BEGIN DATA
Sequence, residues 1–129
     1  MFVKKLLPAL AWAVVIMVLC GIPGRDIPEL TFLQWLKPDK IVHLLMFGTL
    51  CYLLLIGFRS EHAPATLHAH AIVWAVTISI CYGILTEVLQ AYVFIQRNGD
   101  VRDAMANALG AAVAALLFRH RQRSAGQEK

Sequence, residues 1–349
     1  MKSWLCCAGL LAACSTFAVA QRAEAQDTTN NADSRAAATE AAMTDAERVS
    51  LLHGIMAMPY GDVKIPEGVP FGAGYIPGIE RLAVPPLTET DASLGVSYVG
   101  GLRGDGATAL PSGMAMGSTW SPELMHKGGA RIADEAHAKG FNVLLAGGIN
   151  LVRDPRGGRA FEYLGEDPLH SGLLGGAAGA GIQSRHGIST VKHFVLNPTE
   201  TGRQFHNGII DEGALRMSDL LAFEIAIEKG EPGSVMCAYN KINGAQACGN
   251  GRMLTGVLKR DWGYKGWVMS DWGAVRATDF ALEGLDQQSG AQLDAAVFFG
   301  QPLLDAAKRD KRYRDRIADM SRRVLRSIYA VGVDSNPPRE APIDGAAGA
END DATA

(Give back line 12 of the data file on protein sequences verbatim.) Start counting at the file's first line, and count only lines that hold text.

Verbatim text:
   301  QPLLDAAKRD KRYRDRIADM SRRVLRSIYA VGVDSNPPRE APIDGAAGA